If you happen to be in Connaught Place there is another place you can buy a tourist quota ticket, in the Delhi Tourism Corporation Office (phone 331-3637) located at N36, middle circle of Connaught Place. The opening hours are the same as the one at the railway station. You have to show your passport and pay in US Dollars or UK Pounds if you do not have an encashment receipt for your rupees. Change is given in rupees.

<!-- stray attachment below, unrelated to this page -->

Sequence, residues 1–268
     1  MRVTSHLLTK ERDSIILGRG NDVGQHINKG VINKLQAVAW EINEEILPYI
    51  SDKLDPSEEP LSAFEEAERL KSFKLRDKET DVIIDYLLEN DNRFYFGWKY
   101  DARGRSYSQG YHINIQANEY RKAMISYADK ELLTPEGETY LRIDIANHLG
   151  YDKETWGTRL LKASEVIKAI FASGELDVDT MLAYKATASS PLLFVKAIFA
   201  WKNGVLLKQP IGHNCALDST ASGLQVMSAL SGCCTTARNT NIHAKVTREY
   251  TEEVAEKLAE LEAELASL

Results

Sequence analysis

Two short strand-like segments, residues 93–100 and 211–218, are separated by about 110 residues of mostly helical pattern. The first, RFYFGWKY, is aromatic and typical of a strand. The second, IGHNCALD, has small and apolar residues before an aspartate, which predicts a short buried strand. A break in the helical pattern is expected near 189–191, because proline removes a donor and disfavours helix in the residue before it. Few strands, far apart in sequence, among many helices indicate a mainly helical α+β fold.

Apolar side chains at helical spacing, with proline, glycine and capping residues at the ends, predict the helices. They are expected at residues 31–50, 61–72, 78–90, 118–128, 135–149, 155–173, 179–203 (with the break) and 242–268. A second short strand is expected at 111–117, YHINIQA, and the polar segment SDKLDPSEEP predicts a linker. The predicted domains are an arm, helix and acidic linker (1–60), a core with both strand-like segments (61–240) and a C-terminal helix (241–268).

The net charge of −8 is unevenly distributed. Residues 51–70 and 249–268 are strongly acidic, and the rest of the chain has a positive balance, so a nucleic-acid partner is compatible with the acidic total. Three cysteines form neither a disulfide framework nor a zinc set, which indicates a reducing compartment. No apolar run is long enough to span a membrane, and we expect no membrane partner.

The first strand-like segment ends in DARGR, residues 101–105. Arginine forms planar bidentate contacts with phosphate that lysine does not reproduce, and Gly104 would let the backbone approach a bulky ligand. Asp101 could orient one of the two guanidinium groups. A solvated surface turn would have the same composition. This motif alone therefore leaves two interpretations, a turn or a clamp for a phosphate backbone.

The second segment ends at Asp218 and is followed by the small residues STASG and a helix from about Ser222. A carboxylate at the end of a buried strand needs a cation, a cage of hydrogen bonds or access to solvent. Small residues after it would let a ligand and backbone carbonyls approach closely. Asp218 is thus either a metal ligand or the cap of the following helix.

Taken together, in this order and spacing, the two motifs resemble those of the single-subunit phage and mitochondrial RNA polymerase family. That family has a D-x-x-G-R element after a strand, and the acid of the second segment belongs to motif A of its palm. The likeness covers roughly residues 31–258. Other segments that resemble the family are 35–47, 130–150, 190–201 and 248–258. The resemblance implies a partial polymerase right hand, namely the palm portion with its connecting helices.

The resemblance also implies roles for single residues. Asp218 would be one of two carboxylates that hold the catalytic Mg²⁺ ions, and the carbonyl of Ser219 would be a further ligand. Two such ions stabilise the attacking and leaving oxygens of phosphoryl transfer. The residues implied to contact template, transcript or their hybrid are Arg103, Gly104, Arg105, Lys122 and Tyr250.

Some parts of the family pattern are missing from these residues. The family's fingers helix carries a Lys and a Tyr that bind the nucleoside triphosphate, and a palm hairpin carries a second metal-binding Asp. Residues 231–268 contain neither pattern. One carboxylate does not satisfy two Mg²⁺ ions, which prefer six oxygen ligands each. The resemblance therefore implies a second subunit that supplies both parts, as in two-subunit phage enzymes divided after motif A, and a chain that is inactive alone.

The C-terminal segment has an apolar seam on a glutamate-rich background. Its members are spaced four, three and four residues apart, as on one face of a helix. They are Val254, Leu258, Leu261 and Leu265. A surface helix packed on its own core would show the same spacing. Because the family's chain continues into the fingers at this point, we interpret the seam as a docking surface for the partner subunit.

There are some unscrupulous travel agents across the road from the railway station who may approach you in front of the station or inside to persuade you to come to their shop by telling you that the Tourist Booking Office is closed or caught fire. They are big cheaters. Ignore them. You can book a tourist quota seat or seats on a train going to Mathura up until four hours before departure. After that time, the seats are released, and there is a place out in the front of the station called "Current Reservations" (it looks like an ice-cream stand) where you can book a sleeper-class ticket within two hours of the time of departure. It is advantageous to buy the ticket at current reservations as it entitles you to wait in the second class sleeper waiting room, which is much more pleasant than waiting on the platform. There are almost always sleeper seats available to Mathura, because passengers will be boarding the train at Agra (home of the Taj Mahal), which is the next major station after Mathura Junction. If you are paying in rupees, you can also go to the computerised booking office on Chelmsford road. It is a very large hall with many booking windows. As you approach the booking office a booth outside on your right where you must obtain a booking form. Fill in the form and present it and pay at any of the booking windows. This office was almost deserted when I was last there, but can be very busy. It is airconditioned. Bookings made any regular computerised booking office do not have access to the tourist quota, which may be a problem if you are trying to book a ticket on a popular train at a peak-period. I've never used this service, but it is also possible to book your ticket on the internet, pay by credit card, and collect it at the Chelmsford road computerised booking office. The window for collecting the tickets is on the far right inside the booking office. This service is only available at this location. Inside India the tickets can be booked on the internet and sent by post, a maximum of six tickets on any train, and a maximum of four booking per month. If you have a second sitting ticket and want to upgrade, it is wise to speak to the TTE (Traveling Ticket Examiner) on the platform before boarding the train. They wear a dark suit with a distinctive Indian Railways red necktie with a Gold "IR" in a circle emblazoned on it. They can be seen scurrying around with a computer printout in their hand. They will indicate which coach you should board and may assign you a seat on the spot. They will come around and collect the difference in fare some time after the train departs. If you already have a sleeper class ticket they will come and look at it some time during the journey. Inside the station, you can only buy a second class unreserved ticket Rs 43 to Rs 57 (and upgrade to a sleeper ticket on the train for an additional Rs 85) but you may have to wait in a big line (queue) of impatient and pushy Indians to do it. This will certainly prove interesting, but you'd be better off getting a SLEEPER ticket (Rs. 142) either upstairs at the Tourist Booking Office or out front at "Current Reservations". Second class unreserved is a wooden park bench in a cattle car. Usually there is nowhere to sit and nowhere to put your bags, so it's much more comfortable with the sleeper car, a guaranteed seat and there will be a place to put your bags either under your seat or up above opposite you (where you can see them) in the upper berth.